Pokemon Channel: A Quick Review by TR Rose

After hearing several rumors about this adorable non-RPG Pokemon game, I decided it was worth a rental. The concept seemed simple enough, watch TV and report back to Professor Oak about what kind of shows Pokemon might like. In many ways, it reminded me of other non-typical Pokemon games like Pokemon Snap - simple, cute, but painfully short. Worth a rental, but not a purchase. Definitely more for the tiny kiddies than the serious Pokemon RPGs are.

First off, I was blown away by the amount of detail crammed into this little disc. We're treated to beautiful 3D renderings of the three new starter Pokemon: Torchic, Mudkip, and Treecko in a lush environment. Of course, Pikachu is with them... and Pika becomes your TV-viewing buddy (read: couch potato), helping you critique the shows available. Pika will "learn" things as you go along. For example, this dialogue takes place:

"Pikachu is sniffing the TV."
"Pikachu wants to know if the TV should smell."
Answer "no" and the dialogue says, "Pikachu became a little smarter."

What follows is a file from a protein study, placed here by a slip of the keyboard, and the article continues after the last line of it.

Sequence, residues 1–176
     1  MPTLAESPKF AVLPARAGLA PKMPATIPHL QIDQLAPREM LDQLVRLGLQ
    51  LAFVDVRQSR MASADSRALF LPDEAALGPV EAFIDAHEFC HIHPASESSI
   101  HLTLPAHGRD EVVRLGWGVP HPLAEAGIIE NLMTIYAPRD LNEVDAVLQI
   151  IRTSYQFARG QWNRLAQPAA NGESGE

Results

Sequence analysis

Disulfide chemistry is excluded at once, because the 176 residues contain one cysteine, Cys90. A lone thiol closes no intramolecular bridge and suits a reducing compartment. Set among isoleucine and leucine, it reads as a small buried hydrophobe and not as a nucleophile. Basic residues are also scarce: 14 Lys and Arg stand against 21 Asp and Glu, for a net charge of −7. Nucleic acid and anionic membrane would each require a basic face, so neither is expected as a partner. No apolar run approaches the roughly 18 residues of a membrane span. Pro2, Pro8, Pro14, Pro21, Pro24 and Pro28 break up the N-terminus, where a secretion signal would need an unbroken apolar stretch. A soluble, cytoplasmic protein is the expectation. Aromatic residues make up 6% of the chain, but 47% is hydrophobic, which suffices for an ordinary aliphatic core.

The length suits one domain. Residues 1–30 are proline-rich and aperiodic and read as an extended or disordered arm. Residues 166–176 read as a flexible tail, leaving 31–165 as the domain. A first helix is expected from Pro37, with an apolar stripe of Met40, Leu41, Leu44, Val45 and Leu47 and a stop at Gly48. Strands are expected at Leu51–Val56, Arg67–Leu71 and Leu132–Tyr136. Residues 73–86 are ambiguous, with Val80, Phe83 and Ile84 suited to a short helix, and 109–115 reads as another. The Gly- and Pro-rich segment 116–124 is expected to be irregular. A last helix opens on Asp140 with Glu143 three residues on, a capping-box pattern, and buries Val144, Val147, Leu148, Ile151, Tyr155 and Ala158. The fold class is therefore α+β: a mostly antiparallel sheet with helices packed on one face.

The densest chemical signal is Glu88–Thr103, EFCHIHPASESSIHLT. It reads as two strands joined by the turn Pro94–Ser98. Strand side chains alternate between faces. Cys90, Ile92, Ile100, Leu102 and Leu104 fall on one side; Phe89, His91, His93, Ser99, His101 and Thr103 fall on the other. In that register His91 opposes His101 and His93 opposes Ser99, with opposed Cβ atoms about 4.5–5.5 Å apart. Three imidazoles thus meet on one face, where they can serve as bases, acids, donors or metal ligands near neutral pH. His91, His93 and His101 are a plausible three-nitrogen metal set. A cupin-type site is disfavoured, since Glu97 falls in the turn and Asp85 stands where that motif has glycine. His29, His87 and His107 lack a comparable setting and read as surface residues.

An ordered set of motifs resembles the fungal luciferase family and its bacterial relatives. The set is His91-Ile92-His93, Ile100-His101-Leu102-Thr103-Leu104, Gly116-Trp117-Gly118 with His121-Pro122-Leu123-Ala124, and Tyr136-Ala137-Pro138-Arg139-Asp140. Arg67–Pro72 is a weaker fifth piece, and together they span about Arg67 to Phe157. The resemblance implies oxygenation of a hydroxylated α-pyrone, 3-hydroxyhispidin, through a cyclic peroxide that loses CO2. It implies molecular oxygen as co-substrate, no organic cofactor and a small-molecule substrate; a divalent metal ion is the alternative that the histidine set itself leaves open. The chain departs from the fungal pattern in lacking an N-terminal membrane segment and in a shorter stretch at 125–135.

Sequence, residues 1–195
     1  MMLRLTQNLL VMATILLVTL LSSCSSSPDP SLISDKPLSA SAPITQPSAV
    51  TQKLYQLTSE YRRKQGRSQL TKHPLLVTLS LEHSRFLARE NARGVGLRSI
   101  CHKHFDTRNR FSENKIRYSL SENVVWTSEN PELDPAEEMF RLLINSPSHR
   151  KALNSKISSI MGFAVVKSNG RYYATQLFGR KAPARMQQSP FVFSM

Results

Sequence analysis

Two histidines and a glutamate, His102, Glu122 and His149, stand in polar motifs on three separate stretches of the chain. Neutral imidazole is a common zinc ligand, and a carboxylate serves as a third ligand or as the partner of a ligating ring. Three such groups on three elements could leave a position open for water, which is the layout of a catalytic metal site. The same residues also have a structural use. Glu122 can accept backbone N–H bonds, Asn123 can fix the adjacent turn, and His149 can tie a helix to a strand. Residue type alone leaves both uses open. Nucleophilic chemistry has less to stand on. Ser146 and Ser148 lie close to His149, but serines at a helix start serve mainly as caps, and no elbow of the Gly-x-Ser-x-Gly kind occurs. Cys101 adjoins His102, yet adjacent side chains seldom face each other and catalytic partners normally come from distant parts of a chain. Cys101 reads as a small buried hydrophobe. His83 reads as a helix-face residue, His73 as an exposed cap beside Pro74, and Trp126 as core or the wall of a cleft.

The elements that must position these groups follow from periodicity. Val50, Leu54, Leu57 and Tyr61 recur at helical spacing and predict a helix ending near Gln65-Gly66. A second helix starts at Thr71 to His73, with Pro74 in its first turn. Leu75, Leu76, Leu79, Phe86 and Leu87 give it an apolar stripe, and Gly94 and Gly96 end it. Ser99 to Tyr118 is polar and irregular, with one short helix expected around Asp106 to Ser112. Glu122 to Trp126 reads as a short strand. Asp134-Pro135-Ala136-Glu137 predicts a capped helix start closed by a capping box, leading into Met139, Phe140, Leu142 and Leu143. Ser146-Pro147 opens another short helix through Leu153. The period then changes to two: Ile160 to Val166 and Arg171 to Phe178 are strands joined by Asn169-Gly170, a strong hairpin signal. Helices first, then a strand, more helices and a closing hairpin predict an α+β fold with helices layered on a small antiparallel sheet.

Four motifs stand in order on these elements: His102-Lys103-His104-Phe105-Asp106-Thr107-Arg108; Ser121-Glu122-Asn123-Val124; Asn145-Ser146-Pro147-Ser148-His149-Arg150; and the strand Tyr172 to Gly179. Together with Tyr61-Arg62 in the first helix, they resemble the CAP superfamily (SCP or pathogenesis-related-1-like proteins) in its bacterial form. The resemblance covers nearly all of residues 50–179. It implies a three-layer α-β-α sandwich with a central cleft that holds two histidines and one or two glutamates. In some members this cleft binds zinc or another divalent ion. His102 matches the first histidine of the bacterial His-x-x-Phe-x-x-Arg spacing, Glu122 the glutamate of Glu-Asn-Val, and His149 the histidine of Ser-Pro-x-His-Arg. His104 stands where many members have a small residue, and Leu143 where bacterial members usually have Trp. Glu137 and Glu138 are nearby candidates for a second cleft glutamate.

Pikachu will run around your room and interact with the various objects inside. For instance, he'll bounce around on your bed, kick a Ditto-print cushion about, and climb on top of the dresser.

The first channel available for viewing is "Anime Channel 1" (and they actually call it "anime", not "cartoon", which is appreciated). The screen lights up with a DVD-quality visual of what promises to be another Pichu Bros. episode. I was happy, the first Pichu Bros. short was my favorite of the mini-movies. To my surprise, I learn this mini-movie is unique: there's no Pikachu in sight! Better yet, this movie seems to be all about getting to Meowth's Party! Yay! My favorite Pokemon video of all time!

Then the theme song begins: it's a translation of the *original* Pichu-Pichu Brothers Japanese song, as found on Pokemon Best Collection 2! The original was cute, and the English version isn't bad either (although a guy sings it, not a lady). The Pichu Bros. and some of their little buddies from the city playground are back! Aww...

But Part 1 quickly ends, leaving me wanting more, an incentive to keep playing.

Pokemon Channel features quite the variety of programming, including a QVC-like shopping network (hosted by a Spencer, sunglasses-wearing Squirtle), a Fortune Cookie channel (with Chansey), a News network (hosted by Psyduck, with on-the-scene reporter Meowth), an Exercise network (featuring Smoochum), Smeargle's Art Study, two Game Show networks, and more.